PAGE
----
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Viktor Tsoi, Kino, Rock Music, Vernacular Memory, Urban Memory, Music Geography
This article considers the specificity of urban memory and memory places of cultural heroes in modern Russian cities. We analyze nonconventional memory sites that arise spontaneously and are supported by different agents and communities. The article is focused on the places dedicated to the memory of Viktor Tsoi, leader of the famous Leningrad rock band Kino. These places appeared after the musician’s death in August 1990. While in the early 1990s “Tsoi places” existed in practically all of the major cities of the post-Soviet world, only a few of them still exist at present. The key places are the Tsoi Wall in Moscow and the rock club (and part-time museum) Kamchatka in Saint Petersburg. Our study is based on interviews with visitors to these “Tsoi places” and long-term observations conducted by the authors. The article revises modern approaches to the study of urban memory, focusing on the most relevant studies of memory that exist in space and through space (foremost, the geography of memory). Analyzing “Tsoi places,” we characterize them through the category of “vernacular memory”: spontaneously emerging, ordinary forms of experience that exist outside of institutional logic. We also show that these “Tsoi places” have been substantially transformed over the almost 30 years of their existence—they have turned from closed places of fan communities into sites accessible to different users (citizens, tourists, passers-by). We demonstrate that the expansion of creators and users of the “Tsoi places” influenced the increase in number and complexity of the memory registers associated with them. Finally, the article notes that, despite the change in status of the “Tsoi places,” they are still poorly institutionalized (unlike their foreign counterparts), while preserving to a certain extent their spontaneity.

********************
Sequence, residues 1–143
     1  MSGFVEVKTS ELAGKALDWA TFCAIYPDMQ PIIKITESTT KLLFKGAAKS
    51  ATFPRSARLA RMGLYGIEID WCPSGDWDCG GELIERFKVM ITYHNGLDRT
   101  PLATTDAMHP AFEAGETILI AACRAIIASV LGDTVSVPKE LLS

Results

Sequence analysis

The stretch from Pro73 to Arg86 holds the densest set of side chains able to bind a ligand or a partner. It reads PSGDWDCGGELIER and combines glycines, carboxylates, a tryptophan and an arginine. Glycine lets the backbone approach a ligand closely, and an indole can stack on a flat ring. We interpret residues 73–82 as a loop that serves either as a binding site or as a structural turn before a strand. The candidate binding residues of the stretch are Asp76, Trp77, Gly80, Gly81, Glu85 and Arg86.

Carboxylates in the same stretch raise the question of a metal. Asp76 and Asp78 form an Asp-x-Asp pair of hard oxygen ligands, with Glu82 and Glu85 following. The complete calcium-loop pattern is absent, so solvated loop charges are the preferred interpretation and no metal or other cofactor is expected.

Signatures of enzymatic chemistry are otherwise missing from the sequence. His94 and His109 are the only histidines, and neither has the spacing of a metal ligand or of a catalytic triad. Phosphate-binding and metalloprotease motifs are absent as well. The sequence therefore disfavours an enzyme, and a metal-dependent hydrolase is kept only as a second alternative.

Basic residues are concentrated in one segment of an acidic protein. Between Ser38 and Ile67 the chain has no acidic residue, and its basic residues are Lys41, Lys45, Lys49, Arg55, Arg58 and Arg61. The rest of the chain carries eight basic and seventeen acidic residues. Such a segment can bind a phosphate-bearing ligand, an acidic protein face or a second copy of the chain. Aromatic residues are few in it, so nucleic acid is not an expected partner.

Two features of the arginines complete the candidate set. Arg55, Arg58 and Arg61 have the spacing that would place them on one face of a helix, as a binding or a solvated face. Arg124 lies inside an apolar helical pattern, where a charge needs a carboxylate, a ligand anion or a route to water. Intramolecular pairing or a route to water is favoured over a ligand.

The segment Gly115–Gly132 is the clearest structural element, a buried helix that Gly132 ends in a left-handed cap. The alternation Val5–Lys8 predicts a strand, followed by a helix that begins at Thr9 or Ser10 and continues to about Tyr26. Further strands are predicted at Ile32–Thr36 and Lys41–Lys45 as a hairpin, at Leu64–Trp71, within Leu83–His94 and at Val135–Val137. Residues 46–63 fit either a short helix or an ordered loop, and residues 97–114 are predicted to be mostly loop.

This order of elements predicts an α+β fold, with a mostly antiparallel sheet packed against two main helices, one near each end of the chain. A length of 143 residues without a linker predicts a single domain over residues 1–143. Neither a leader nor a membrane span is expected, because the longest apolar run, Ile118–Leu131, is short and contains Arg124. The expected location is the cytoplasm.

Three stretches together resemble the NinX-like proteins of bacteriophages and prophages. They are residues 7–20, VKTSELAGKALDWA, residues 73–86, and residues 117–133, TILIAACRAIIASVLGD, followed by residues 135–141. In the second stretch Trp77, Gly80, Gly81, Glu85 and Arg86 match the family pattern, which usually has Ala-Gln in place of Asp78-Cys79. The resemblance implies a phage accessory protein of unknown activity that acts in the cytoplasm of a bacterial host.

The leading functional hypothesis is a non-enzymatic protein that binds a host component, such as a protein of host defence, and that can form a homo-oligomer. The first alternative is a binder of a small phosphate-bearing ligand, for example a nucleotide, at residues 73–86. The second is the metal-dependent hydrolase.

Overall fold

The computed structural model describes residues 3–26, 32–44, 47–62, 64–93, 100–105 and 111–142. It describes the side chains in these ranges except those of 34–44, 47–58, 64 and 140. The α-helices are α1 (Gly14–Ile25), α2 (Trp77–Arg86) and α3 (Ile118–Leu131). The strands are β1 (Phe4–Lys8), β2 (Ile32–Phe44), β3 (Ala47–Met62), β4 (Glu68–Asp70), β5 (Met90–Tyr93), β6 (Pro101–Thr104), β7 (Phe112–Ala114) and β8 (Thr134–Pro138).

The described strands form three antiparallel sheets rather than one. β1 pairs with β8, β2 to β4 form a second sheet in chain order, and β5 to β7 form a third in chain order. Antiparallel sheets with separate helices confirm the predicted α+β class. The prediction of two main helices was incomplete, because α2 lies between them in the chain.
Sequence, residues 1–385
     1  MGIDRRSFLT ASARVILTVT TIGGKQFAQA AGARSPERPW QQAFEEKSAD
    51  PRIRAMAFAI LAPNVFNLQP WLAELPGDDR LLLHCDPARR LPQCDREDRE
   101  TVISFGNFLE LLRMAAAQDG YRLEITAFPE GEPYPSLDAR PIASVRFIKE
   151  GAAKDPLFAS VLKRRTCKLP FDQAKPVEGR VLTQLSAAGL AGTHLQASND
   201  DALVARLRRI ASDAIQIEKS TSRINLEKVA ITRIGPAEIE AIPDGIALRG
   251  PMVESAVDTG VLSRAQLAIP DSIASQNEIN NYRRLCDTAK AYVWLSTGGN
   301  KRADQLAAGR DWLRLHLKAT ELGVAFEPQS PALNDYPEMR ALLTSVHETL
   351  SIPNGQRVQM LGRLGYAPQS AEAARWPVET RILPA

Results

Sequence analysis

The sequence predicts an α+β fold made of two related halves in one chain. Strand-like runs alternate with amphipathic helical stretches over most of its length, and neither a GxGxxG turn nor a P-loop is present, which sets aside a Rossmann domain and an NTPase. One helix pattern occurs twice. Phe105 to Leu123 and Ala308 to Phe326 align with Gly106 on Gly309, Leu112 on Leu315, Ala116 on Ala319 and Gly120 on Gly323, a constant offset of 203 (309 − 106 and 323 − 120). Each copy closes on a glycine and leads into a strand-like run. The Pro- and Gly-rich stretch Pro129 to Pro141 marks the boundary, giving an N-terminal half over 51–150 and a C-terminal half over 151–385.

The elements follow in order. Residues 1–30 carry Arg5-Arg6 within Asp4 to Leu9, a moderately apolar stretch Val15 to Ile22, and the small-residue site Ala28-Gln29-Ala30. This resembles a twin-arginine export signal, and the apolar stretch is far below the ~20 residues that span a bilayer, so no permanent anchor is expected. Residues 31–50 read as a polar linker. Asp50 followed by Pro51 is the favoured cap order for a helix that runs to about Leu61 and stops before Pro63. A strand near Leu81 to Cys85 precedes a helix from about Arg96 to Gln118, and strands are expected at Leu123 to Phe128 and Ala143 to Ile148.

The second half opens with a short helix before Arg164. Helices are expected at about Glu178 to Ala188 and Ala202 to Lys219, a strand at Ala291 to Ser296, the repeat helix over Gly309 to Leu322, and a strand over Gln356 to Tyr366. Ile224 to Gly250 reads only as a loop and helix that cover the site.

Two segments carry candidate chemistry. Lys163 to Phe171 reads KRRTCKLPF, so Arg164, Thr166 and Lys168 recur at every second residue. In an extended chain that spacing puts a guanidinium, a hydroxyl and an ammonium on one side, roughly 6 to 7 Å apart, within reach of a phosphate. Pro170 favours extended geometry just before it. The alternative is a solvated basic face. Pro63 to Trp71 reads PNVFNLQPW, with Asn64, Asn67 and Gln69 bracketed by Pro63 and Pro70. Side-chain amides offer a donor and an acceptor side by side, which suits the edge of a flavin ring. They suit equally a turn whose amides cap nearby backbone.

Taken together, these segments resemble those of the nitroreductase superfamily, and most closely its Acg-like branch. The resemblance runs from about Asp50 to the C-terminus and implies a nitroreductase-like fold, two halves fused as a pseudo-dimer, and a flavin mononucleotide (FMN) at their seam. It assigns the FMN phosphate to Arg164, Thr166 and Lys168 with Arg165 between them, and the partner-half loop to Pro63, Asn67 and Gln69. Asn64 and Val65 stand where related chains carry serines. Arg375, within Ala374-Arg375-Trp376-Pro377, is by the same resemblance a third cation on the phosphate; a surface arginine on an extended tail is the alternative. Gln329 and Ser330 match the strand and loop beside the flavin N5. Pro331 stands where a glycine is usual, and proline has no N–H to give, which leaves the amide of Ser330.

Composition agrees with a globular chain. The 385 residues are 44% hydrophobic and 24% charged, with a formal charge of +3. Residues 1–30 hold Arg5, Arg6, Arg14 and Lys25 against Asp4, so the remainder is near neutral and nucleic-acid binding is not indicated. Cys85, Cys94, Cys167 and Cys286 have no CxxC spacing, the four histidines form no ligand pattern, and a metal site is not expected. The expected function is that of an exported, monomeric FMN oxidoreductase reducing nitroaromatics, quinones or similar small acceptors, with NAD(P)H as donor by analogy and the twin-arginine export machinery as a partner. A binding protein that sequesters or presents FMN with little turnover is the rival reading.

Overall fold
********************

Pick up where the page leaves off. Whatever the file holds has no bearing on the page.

Article in Russian